Europe Day 2022 - Evrópudagurinn!

We celebrated Europe day on the 6th of May with a concert in Reykjavík. We were pleased to welcome over 300 guests to a concert by popular Icelandic artists. H.E. Þórdís Kolbrún Reykfjörð Gylfadóttir, Minister for Foreign Affairs of Iceland, was an honorary guest.

The EU Delegation to Iceland celebrated Europe day on the 6th of May with a concert in Gamla Bíó in Reykjavík. We were pleased to welcome close to a hundred guests to a reception, and an audience of over 300 to a concert by popular Icelandic artists GDRN and Jón Jónsson. H.E. Þórdís Kolbrún Reykfjörð Gylfadóttir, Minister for Foreign Affairs of Iceland, attended as a guest of honour and delivered an opening speech alongside the Ambassador of the European Union to Iceland Lucie Samcová-Hall Allen (transcript below).


Speech by Lucie Samcová-Hall Allen the Ambassador of the European Union to Iceland:

Europe Day is a special occasion for us. Let me tell you why.

To do that, I’ll need you to travel back in time with me.

The year is 1950. Only five years after the end of the Second World War, the most brutal conflict the continent has ever seen. Its scars are still open. In the walls of bombarded cities, and in the hearts of millions of families who lost their loved ones.

It’s obvious that long term peace will not be guaranteed without trust. But how can you build trust between nations who fought one another just a few years ago? Robert Schuman was one of the politicians asking himself this very question.

And, in May 1950, he made a bold proposal  a way forward. The creation of a community of European nations who would share their vital resources.

"Europe will not be made all at once, or according to a single plan”, he said. It will be built through concrete achievements which first create solidarity."

This was the nucleus of the European Union as we know it today. Over seven decades, we have grown from a group of six to a block of twenty-seven. Today, the European Union is home to 450 million citizens, and stretches from Helsinki in the north to Nicosia in the south; from Portugal on our western coast to Cyprus on the EU’s eastern flank. We have developed into one of the largest global economies. Beyond our own borders, the Union is a reliable ally to our partners, a responsible actor on the multilateral stage, and the world’s largest donor of development assistance to countries less fortunate than us.

But the European Union can not be described on the basis of figures and statistics. It is the result of tireless efforts by determined men and women in pursuit of an ideal: a Europe that strongly promotes its fundamental values: the personal dignity of every human being, freedom, democracy and the rule of law.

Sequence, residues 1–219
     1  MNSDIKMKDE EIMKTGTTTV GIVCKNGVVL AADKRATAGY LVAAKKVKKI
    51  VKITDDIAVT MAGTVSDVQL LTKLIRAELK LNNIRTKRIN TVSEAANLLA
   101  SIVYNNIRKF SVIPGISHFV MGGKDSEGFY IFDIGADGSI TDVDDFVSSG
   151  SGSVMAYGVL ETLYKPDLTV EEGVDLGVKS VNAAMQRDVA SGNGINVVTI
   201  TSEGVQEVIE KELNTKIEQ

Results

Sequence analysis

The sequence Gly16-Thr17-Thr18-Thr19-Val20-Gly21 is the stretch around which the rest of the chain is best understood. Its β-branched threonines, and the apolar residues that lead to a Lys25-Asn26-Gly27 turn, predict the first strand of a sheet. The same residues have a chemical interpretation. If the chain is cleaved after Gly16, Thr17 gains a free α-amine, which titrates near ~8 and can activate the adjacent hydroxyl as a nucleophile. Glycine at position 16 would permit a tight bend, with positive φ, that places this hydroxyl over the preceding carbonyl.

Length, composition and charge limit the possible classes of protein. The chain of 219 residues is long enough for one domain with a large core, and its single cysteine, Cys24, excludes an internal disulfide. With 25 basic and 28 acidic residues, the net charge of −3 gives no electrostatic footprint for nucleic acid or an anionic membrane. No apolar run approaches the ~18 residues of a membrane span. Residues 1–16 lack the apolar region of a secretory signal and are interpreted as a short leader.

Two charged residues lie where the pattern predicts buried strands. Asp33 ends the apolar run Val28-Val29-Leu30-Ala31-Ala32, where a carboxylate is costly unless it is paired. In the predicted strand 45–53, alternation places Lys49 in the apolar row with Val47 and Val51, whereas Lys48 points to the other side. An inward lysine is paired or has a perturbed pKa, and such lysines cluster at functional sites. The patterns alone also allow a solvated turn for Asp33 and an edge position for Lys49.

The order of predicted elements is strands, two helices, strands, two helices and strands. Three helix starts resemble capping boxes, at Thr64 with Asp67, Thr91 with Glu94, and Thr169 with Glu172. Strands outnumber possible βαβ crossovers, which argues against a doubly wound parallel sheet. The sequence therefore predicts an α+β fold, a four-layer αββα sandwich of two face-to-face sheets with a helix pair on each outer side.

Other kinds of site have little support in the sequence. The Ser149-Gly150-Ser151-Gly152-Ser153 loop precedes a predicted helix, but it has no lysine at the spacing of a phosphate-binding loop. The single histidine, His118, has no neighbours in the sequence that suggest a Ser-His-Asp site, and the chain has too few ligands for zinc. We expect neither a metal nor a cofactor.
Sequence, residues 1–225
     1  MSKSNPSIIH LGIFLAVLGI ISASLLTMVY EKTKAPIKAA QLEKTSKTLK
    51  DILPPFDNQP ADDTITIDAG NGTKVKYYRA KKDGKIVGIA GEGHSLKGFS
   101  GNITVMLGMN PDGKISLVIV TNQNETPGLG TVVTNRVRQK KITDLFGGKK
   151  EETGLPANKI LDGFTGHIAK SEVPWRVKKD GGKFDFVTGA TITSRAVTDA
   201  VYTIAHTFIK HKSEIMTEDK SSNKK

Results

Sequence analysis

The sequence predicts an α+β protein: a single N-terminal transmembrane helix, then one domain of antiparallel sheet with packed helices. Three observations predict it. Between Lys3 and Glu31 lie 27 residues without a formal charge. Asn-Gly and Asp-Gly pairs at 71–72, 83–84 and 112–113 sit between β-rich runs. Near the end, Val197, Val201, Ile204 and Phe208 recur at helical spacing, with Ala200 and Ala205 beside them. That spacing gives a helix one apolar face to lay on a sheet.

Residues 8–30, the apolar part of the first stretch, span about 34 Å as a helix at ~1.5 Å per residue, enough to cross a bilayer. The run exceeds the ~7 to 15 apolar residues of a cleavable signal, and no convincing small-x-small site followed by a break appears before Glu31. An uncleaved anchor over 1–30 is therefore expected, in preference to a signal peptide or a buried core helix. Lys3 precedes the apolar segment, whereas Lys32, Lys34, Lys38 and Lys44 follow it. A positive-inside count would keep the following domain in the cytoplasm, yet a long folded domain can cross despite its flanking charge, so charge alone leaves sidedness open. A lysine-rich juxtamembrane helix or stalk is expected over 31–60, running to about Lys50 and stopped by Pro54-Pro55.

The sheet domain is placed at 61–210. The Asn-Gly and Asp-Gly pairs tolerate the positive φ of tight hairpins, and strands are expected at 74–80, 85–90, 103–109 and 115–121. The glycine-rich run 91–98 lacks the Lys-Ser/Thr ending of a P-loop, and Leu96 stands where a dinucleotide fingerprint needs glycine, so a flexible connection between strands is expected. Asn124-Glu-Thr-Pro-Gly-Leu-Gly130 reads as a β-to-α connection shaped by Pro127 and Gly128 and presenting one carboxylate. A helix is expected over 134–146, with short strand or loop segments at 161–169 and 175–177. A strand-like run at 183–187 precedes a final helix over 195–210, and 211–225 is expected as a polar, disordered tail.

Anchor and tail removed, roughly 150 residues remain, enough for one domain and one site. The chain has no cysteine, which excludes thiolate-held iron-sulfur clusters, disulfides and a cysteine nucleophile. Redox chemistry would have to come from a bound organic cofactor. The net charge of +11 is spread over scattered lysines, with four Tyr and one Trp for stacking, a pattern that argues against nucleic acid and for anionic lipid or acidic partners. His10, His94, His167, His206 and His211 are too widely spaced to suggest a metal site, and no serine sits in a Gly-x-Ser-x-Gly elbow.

It aims to secure the most precious of goods: peace, democracy and prosperity, which are most valued when put at risk. I did not imagine that I would see war on the European continent in my lifetime. But this is what we woke up to this February, when Ukraine was aggressively attacked by its neighbour. Once again, we hear blasts from cities and open our doors to refugees who fled their homes looking for safety. This is why our project of peace and security needs to live on.

But we can’t do this alone. We are only as strong as our partnerships. I’m immensely proud that for almost two years now, I have had the honour of representing the European Union in Iceland – a beautiful country which is among our closest partners, and most important allies.

The EU and Iceland have a deep friendship, based on the close links between our citizens. Around 40,000 EU citizens live in Iceland today - more than 10% of the country’s population. And thousands of Icelanders live, work and study in the EU. These figures alone illustrate our deep interconnection. I believe we also share a vision – whether it comes to climate change, the protection of the Arctic, and other issues that will shape our world in the years to come, the EU and Iceland see eye-to-eye.

I could write pages and pages about the benefits of free movement of persons; about the economic importance of the single market; about the fantastic cooperation that exists between our researchers. But once again, I believe that the main value of our partnership lies elsewhere. In shared values. We both believe in human rights and fundamental freedoms. We believe in equality. We both believe in democracy over tyranny. And not only we believe in them, but we are also ready to work for them, day after day, in Europe and across the globe.

I would like to thank Iceland for standing by our side.

Kærar þakkir, Ísland!

Happy Europe Day!